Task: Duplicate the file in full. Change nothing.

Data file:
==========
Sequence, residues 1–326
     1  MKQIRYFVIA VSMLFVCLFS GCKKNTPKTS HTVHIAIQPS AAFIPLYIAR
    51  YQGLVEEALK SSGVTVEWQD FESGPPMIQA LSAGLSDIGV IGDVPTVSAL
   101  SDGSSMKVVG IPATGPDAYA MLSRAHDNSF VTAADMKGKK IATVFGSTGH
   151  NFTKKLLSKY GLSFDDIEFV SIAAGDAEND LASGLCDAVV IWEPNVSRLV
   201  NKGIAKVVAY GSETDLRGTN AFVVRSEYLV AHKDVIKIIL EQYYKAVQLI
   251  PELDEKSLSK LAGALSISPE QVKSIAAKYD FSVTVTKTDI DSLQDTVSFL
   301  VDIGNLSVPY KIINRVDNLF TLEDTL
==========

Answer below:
Sequence, residues 1–326
     1  MKQIRYFVIA VSMLFVCLFS GCKKNTPKTS HTVHIAIQPS AAFIPLYIAR
    51  YQGLVEEALK SSGVTVEWQD FESGPPMIQA LSAGLSDIGV IGDVPTVSAL
   101  SDGSSMKVVG IPATGPDAYA MLSRAHDNSF VTAADMKGKK IATVFGSTGH
   151  NFTKKLLSKY GLSFDDIEFV SIAAGDAEND LASGLCDAVV IWEPNVSRLV
   201  NKGIAKVVAY GSETDLRGTN AFVVRSEYLV AHKDVIKIIL EQYYKAVQLI
   251  PELDEKSLSK LAGALSISPE QVKSIAAKYD FSVTVTKTDI DSLQDTVSFL
   301  VDIGNLSVPY KIINRVDNLF TLEDTL